Canadians' collective household debt has climbed to $1.8 trillion as an international financial group sounds an early warning that the country's banking system is at risk from rising debt levels.
Equifax Canada said in a new report Monday Canadian consumers now owe $1.821 trillion including mortgages as of the fourth-quarter of 2017, marking a six per cent increase from a year earlier.
Although 46 per cent of Canadians reduced their personal liabilities, roughly 37 per cent added more debt in larger amounts on average, according to the credit reporting agency's latest report. In turn, the average amount of personal debt increased 3.3 per cent to $22,837 per person, not including mortgages.
``Despite the high debt, mortgage payments are generally on time, which could be attributed to low unemployment numbers and mortgage and auto finance interest rates which are still at historically low and reasonable levels,'' said Regina Malina, Equifax Canada's senior director of decision insights in a statement released Monday.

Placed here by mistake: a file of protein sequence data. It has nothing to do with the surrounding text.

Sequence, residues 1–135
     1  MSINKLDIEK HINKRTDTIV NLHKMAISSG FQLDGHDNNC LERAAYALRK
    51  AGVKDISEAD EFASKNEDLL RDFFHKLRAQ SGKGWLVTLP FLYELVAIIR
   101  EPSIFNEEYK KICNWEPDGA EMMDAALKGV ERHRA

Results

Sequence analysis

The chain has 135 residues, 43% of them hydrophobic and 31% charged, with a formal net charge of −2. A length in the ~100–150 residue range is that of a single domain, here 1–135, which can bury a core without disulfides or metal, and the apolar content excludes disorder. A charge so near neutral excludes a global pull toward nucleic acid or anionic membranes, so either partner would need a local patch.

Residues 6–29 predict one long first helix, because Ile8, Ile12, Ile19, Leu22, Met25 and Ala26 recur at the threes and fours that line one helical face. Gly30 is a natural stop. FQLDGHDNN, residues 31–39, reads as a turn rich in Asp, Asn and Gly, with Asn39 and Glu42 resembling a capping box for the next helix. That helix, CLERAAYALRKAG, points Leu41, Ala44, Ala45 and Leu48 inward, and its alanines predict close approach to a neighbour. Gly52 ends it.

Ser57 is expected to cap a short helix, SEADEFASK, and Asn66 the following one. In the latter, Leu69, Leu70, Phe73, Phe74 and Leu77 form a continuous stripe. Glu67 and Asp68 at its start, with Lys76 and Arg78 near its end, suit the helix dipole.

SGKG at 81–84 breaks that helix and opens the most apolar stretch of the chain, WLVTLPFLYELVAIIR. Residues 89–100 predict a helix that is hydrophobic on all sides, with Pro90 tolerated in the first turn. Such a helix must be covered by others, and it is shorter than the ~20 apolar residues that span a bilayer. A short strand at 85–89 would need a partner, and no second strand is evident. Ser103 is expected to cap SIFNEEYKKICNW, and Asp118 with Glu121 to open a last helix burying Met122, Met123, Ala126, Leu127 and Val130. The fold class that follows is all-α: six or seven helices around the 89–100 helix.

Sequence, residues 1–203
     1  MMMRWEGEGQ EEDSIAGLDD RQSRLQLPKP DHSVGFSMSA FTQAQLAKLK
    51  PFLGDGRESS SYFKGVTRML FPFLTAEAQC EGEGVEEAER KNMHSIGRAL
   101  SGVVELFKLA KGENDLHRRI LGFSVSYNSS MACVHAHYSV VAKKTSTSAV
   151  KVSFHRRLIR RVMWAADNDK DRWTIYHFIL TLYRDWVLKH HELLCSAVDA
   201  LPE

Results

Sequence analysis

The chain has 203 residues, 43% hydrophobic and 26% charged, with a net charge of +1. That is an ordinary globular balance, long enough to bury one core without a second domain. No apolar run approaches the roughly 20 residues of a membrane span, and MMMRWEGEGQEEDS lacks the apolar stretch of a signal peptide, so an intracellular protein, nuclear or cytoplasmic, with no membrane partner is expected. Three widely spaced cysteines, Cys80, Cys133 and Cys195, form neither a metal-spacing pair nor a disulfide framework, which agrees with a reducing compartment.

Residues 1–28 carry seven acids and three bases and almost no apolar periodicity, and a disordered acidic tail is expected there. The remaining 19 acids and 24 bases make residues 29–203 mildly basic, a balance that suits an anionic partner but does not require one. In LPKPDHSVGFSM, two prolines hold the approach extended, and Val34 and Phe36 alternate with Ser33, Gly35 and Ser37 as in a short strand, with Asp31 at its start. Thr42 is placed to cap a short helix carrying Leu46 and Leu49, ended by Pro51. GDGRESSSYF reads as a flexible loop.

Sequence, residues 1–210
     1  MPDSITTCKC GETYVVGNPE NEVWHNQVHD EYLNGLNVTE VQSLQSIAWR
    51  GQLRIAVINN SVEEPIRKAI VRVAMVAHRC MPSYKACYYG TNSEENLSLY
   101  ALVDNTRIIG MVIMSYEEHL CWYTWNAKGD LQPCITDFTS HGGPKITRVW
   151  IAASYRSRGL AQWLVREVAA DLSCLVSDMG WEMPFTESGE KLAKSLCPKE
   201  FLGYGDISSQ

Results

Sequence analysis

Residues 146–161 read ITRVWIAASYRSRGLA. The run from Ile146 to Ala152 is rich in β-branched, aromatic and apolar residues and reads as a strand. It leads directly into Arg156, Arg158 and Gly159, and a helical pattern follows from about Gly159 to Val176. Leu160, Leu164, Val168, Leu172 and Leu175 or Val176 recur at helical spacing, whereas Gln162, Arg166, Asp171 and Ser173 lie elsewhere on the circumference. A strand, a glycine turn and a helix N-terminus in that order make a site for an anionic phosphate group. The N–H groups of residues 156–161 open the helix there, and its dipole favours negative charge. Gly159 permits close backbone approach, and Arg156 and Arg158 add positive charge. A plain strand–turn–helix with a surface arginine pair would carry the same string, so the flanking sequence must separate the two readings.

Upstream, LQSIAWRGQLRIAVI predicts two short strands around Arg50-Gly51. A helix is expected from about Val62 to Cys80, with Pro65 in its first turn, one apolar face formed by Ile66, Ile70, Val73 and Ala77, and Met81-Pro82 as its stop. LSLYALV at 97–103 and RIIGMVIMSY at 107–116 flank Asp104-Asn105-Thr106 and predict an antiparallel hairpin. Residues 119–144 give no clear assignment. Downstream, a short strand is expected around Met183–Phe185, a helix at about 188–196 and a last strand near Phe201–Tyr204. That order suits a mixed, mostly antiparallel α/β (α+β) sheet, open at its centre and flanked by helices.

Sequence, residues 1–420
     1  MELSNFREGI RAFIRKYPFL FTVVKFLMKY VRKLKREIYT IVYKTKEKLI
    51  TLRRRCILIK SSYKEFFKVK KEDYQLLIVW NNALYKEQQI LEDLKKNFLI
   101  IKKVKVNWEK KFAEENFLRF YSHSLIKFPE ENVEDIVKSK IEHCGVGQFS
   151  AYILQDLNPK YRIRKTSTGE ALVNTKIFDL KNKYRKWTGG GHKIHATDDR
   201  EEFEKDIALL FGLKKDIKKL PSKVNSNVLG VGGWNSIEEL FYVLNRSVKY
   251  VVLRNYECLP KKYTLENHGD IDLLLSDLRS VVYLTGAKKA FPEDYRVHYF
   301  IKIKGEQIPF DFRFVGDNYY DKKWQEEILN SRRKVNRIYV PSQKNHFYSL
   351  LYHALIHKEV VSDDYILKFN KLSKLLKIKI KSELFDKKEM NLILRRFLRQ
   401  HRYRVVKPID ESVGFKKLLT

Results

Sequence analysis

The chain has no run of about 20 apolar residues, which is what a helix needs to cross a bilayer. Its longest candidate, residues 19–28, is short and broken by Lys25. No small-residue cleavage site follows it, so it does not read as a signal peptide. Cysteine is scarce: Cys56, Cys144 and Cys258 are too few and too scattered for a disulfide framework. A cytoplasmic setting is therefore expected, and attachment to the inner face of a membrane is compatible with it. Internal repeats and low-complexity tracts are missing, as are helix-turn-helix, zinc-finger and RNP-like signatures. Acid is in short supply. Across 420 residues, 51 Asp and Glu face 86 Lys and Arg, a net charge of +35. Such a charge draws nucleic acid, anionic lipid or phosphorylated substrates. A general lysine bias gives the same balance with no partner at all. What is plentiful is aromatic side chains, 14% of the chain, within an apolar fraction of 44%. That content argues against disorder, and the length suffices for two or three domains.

The fresh numbers come as an international financial group owned
by the world's central banks says Canada's
credit-to-gross-domestic-product and debt-service ratios show early
warning signs of potential risk to the banking system in the coming
The latest report by the Bank of International Settlements (BIS) said Canada's credit-to-GDP gap and debt-service ratios have surpassed critical thresholds and are signalling red, pointing to vulnerabilities.